Tom Arah inspects the major 2D illustration programs' 3D capabilities.
It's one of life's smaller ironies that, while the world we live in is
three-dimensional, the drawing packages we use to illustrate and recreate
that world are resolutely two-dimensional. Programs like CorelDRAW, Illustrator
and FreeHand are ideal for producing the flat design for a wine label,
for example, but reproducing that label on a realistic wine bottle on
a realistic table in a realistic room is another matter entirely. So how
do you go about giving your work real depth?
Some principles, such as that far away objects are smaller and appear
more closely packed, are almost instinctive but the most important mechanism
for successfully recreating the illusion of depth, Linear Perspective,
is anything but intuitive. So much so that it was only in the Renaissance
that the principles of one-point perspective were rediscovered from the
Romans and and only in the 17th century that the same was achieved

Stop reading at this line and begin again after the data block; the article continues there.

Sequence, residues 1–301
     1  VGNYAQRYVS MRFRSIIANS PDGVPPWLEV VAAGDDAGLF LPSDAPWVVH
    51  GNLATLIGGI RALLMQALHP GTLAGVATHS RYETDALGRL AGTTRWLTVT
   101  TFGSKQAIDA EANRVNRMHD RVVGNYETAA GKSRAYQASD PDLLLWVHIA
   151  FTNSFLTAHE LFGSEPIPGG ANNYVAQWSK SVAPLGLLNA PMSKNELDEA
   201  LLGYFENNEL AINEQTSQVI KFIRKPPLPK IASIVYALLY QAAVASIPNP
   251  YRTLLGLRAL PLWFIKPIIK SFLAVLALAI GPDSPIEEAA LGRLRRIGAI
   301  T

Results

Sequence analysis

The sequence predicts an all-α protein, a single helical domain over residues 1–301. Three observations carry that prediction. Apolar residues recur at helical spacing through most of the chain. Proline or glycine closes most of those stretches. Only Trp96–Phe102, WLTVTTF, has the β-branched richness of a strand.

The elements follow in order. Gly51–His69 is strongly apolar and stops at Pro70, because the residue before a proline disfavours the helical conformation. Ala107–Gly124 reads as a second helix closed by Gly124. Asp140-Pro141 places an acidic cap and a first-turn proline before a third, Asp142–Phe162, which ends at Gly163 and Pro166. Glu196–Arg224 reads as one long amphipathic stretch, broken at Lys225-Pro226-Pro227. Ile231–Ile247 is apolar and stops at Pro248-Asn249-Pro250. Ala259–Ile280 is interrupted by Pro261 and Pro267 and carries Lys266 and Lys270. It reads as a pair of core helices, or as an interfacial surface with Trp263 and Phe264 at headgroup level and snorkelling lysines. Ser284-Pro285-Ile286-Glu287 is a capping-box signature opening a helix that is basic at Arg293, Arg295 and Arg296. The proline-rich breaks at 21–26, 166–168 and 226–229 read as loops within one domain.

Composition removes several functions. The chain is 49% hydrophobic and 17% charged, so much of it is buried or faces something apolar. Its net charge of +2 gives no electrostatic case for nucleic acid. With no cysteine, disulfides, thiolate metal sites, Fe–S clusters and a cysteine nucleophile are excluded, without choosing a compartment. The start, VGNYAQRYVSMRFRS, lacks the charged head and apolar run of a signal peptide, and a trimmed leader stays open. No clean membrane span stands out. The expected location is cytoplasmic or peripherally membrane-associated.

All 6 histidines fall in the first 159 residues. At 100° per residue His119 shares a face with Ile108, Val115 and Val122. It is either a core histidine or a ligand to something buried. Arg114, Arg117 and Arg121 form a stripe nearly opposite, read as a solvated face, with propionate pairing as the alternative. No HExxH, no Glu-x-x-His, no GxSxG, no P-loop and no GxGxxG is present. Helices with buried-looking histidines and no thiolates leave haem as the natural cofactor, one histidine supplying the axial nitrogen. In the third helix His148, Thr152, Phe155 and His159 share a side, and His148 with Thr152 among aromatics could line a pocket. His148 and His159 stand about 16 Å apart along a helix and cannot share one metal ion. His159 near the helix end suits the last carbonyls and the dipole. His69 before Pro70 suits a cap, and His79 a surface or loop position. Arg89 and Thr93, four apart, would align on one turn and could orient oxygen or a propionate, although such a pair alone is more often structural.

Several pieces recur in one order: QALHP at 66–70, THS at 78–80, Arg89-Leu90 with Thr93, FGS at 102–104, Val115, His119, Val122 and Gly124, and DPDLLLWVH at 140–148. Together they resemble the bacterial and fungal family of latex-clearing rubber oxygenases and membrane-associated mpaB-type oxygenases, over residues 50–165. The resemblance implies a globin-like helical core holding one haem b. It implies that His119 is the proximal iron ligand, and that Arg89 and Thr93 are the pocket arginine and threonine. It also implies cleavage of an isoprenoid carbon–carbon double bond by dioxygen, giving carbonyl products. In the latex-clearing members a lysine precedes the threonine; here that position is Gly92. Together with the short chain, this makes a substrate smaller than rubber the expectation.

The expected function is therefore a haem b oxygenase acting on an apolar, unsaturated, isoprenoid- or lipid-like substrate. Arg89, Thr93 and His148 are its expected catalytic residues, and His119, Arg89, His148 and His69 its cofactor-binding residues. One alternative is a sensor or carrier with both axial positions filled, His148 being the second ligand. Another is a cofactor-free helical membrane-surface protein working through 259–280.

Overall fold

for two-point perspective.
The central concept here is understanding that lines that are parallel
to the viewer and receding appear to converge to a vanishing point. For
a one-point perspective, imagine that you are looking at large cubes face-on
and so parallel to the picture plane. You will see that the edges of either
the top or bottom face - depending on whether the cube is above or below
your horizon/eyeline - and the visible side face all converge towards
a single distant vanishing point on the horizon. For a two-point perspective,
imagine looking at rotated cubes that are not straight on. Here you will
see the edges of both left and right side faces converging on two separate